Are you a newly promoted manager or hired to lead a new team? Regardless of your experience level, every new manager has to meet with their team for the first time. How do you navigate this first meeting in a productive way?
Many managers default to basic icebreakers. “Name, job title, fun fact.” This is a good start but it’s not exciting. Instead of random interesting facts, try one of these 12 interactive questions instead. If you aren’t a fan of icebreakers, we’ve curated a list of 6 ways new managers can connect with their new teams.
The basic introduction
The simplest style is the basic introduction. You share your name, past work experience, and future expectations for the team. This form of introduction is common but often one-sided. Don’t fall into the trap of being the sole speaker for 40 minutes straight. Your employees will feel disengaged and both sides won’t learn much about the other.
Instead, open the floor to questions with a Q&A style presentation where your team can ask any questions and rank the ones they want to hear the most. With this format, your team learns the most pertinent information about you and you gain a better understanding of their values and concerns.
To further the discussion, ask a couple of questions back to your team. The easiest way to collect these responses is with a word cloud. Ask your team about their working styles, leadership preferences, and more. We’ve created a few Poll Everywhere activities that you can copy to your account. If you don’t have an account, consider signing up today.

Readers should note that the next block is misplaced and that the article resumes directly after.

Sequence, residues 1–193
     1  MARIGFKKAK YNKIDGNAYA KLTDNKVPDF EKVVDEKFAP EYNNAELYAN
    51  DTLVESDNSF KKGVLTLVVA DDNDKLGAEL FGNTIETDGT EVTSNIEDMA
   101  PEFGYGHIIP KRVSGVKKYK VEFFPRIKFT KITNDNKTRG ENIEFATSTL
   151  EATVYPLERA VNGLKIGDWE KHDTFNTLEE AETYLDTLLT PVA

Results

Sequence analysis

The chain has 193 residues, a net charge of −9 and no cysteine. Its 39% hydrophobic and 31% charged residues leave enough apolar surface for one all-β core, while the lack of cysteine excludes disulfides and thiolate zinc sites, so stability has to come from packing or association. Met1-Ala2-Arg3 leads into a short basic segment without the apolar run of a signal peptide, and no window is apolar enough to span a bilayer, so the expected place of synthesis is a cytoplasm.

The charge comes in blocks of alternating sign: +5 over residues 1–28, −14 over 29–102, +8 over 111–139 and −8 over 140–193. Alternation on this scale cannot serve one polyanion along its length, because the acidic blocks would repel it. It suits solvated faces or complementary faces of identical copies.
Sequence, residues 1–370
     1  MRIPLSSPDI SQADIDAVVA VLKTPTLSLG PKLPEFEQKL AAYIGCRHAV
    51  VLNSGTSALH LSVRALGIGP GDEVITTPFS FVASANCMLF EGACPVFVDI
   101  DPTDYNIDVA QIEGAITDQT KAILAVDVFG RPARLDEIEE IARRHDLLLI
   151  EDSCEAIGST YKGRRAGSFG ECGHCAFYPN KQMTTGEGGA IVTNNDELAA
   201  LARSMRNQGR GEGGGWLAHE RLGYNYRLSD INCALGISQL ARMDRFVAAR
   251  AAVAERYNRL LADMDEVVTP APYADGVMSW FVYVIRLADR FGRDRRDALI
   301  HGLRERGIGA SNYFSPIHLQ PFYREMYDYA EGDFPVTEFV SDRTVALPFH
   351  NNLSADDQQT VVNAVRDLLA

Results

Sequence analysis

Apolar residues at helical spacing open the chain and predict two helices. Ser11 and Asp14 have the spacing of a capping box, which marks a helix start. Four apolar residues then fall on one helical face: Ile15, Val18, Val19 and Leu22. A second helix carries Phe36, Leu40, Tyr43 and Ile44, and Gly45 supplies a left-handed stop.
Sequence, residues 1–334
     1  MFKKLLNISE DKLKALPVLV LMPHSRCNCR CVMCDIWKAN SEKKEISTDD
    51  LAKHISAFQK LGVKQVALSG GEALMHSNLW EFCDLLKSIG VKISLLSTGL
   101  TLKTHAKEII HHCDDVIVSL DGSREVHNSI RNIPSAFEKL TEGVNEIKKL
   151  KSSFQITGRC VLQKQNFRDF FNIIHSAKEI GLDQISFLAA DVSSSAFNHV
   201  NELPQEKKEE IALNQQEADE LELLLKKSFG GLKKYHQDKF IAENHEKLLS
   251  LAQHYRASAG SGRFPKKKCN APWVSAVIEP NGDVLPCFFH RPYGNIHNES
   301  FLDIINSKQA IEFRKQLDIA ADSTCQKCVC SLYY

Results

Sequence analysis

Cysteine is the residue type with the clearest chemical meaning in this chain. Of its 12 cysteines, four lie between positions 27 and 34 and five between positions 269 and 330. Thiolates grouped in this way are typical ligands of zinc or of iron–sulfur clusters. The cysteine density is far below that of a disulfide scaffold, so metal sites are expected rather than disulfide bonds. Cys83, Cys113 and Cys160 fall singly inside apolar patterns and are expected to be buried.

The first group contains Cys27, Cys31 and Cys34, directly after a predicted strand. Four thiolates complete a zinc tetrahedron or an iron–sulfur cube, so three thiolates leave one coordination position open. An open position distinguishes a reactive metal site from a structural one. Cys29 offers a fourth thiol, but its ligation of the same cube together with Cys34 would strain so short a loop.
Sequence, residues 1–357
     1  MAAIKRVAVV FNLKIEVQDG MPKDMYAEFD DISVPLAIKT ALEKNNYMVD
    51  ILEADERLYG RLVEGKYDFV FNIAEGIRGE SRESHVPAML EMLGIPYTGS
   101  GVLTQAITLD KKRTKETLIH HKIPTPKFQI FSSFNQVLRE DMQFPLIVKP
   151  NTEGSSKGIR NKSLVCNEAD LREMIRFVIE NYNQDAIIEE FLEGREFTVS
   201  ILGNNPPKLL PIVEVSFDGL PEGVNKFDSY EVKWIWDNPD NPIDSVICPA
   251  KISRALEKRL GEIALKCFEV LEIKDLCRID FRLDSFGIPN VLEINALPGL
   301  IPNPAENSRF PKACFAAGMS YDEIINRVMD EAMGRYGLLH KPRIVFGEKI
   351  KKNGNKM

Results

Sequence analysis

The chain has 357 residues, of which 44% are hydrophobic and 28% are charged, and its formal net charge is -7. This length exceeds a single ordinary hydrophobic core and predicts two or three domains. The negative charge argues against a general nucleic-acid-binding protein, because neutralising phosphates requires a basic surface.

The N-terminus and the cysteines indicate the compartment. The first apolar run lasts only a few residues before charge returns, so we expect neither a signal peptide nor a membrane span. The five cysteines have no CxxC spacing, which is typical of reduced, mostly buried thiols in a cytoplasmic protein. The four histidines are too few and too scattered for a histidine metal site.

Topics for a “Hello my name is…” meeting:
- What do you enjoy about working here?
- What kind of leadership/management style do you prefer?
- How can I best support your career goals?
- What sorts of challenges are you dealing with at the moment?
- How can I make this a great place to work?
- What do you expect from a manager?
New manager assimilation
A formal, structured way to introduce a new manager is the New Manager Assimilation program. According to Nielson Group, a new manager assimilation program is designed to build the relationship between leader and team in the matter of hours through open communication.
After 3-6 weeks of getting acquainted, set aside time to host your new manager assimilation and review the feedback together. Prior to the event, have your team answer questions about their management preferences. Take time to answer questions about your leadership style and have an HR representative collect the responses. Set aside 2 hours for the event to give ample time to review and discuss the feedback.
Questions to ask your employees:
- How can your new manager help this team be successful?
- How do you want your manager to communicate with you? Email, messenger, phone?
- How would you describe this team in one word?
- What do you enjoy doing outside of work?
- What challenges face your team that your new manager needs to know about?
Questions about you:
- What do you enjoy doing when you’re not working?
- What are the values that drive you?
- What has been your career progression?
- What are your expectations of staff work/life balance?